He noted that historically high prices of both bonds and stocks have been premised on the expectation of years of rock-bottom interest rates and both could tumble if the Fed signalled there was even a chance of higher borrowing costs.

“That’s a world where fixed income [that is the bond market] stops being a hedge for equities, and both sell off together. That would be a big shock.”

In fact, this is not a matter of prediction but of recent history. Financial markets in the US and around the world effectively froze in mid-March when such a situation developed and the $20 trillion US Treasury bond market—the bedrock of the global financial system—was paralysed.

This led to Fed pumping trillions of dollars into financial markets and initiating the current asset purchasing program that has seen Wall Street reach new record highs. As a result hundreds of billions have been siphoned into the coffers of Amazon chief Jeff Bezos and other financial oligarchs.

The official claim is that what the Fed calls “a very high level of accommodation” is necessary to provide a boost for the underlying real economy. But within ruling circles it is well known this is largely a fiction.

In a comment published in the Financial Times this week, former British Labour Prime Minister Gordon Brown warned against the belief that the mass vaccination against COVID-19 would bring a global economic recovery. He warned the G7 economies were unlikely to reach 2019 levels of output by 2022 and the global economy would remain essentially stagnant thereafter.

“The world economy is heading for a low-growth, high-unemployment decade,” he wrote.

“Expecting low interest rates to restore pre-crisis levels of private investment while unemployment crushes demand would be like pushing on a string. The liquidity crisis of 2020 could easily become the solvency crisis of the 2020s and the scars of long-term unemployment could last a generation.”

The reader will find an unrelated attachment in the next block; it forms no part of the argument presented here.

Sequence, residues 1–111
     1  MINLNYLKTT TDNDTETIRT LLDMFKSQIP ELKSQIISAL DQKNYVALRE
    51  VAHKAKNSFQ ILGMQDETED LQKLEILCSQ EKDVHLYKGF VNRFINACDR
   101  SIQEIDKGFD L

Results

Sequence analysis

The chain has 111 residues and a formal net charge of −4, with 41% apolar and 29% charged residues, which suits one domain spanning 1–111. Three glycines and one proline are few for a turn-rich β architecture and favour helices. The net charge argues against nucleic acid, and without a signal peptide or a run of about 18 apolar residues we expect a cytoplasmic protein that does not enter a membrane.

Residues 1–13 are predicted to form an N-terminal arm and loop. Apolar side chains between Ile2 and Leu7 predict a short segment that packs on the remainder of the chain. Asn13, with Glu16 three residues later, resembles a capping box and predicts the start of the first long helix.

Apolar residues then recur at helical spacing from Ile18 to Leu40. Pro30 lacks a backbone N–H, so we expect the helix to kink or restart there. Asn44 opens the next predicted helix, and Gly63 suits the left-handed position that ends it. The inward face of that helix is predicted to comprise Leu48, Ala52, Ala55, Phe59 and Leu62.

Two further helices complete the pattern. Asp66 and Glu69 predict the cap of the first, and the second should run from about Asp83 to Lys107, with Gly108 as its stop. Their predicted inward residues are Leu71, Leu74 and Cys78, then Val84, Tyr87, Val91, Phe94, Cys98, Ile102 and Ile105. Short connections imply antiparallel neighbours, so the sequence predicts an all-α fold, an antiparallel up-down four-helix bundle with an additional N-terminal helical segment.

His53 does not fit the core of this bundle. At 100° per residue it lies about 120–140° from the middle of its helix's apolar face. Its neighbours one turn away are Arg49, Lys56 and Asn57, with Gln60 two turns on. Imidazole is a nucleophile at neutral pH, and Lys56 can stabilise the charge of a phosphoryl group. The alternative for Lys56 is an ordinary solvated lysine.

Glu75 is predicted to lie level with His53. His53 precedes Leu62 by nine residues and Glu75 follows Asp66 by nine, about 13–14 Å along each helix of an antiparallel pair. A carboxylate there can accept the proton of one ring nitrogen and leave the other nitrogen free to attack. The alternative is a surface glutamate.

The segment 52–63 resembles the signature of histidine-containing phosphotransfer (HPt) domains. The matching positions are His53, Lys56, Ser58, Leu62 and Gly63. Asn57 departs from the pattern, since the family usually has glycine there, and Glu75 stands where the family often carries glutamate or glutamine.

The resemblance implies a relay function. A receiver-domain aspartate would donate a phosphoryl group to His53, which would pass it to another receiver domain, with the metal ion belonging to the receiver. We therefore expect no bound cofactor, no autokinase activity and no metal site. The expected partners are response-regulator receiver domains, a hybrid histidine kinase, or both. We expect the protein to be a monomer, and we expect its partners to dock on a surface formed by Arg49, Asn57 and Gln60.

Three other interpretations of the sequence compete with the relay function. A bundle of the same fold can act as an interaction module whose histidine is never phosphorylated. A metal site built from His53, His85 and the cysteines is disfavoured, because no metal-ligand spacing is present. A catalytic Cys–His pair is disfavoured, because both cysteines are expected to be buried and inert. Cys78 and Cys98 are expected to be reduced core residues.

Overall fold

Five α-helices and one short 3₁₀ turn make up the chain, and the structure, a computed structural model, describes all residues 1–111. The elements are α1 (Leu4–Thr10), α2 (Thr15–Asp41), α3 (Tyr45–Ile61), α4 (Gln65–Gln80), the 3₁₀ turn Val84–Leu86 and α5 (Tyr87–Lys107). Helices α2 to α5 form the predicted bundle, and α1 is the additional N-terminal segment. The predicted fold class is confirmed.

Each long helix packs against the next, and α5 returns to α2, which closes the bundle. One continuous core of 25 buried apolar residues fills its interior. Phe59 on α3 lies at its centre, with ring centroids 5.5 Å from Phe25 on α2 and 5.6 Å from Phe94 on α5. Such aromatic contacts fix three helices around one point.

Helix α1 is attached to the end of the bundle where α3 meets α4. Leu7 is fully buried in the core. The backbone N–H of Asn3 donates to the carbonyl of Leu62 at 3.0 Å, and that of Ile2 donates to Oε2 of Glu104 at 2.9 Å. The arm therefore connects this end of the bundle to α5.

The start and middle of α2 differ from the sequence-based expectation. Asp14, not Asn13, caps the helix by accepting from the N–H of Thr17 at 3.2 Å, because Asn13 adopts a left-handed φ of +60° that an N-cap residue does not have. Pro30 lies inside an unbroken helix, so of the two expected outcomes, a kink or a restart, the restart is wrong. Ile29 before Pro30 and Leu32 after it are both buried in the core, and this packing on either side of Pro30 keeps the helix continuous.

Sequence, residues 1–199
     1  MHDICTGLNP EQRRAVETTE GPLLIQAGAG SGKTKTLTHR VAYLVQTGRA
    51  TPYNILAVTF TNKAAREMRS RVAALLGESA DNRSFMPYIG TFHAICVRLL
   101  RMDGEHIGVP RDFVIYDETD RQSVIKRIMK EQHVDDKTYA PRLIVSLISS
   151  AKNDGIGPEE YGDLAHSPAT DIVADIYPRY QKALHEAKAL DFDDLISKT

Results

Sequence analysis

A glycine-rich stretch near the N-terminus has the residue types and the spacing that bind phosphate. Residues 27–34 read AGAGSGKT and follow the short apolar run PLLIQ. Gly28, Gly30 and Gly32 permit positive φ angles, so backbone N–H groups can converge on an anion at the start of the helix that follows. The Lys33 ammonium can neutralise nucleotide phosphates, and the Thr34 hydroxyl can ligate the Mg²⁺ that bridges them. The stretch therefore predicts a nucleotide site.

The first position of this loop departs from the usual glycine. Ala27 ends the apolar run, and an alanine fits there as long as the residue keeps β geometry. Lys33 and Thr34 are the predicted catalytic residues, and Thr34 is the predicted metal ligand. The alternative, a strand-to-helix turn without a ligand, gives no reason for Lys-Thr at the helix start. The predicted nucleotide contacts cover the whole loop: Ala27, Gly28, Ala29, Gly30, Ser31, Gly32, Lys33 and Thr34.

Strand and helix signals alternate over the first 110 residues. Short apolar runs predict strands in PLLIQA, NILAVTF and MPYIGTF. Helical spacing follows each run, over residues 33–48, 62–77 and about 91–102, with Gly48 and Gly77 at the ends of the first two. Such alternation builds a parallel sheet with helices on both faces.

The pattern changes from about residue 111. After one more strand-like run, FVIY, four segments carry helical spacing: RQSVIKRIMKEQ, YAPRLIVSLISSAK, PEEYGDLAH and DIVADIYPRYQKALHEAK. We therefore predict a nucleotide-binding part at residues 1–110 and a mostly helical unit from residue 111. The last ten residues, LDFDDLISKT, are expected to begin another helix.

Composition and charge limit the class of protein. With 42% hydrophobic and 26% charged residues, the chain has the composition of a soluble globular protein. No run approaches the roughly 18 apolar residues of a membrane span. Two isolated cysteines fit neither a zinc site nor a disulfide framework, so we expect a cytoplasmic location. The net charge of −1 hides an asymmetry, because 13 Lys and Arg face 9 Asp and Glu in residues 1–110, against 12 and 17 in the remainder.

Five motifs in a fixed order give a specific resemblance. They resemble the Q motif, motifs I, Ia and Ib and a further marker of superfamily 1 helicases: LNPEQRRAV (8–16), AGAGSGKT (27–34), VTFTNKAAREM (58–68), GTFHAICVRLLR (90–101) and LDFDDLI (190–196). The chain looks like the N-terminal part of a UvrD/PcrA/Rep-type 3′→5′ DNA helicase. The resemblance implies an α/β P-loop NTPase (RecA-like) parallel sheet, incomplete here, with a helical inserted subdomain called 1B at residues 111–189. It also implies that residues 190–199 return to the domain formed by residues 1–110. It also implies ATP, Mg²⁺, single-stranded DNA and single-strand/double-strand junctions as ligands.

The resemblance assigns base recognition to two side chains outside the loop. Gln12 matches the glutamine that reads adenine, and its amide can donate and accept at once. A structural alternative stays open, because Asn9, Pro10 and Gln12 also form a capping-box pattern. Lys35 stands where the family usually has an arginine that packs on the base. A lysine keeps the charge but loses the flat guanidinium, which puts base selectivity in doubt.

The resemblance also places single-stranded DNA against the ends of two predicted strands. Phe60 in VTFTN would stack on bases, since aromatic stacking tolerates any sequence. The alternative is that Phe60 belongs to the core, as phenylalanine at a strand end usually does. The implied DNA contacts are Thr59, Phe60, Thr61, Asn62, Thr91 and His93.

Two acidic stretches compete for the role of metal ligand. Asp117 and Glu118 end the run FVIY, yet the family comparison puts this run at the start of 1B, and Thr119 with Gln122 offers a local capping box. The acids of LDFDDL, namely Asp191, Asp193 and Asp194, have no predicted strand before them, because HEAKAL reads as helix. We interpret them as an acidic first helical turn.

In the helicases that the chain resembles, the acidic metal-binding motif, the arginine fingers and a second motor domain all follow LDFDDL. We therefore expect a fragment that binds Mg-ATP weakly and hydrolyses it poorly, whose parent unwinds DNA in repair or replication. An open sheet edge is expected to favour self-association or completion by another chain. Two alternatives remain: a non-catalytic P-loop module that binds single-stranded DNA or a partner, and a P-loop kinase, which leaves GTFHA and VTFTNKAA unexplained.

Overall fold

Brown’s “solution” consisted of an internationally co-ordinated plan by the major powers to boost the global economy.

“What is missing in the management of the crisis is an internationally co-ordinated plan for growth that recognises the limits of monetary policy when interest rates are near zero,” he wrote.

“Only co-operation between the US, Europe and China can change that and that is why January’s US presidential inauguration should be followed by an emergency summit meeting in February.”

Anxious to secure his place in history and looking back through rose-tinted glasses to the summit meeting over which he presided in April 2009 in response to the global financial crisis, Brown wrote that such an initiative could bring synchronised global growth.

But any boost after the 2008 crash was short-lived and by mid-2010 there was an austerity drive all the major economies coupled with deepening attacks on wages and working conditions such as the “restructuring” of the auto industry in the US.

Moreover Brown’s plea of international co-operation and collaboration ignores the deepening conflicts between the major economy powers—most sharply seen in the clash between the US in China but not confined there—over the past decade.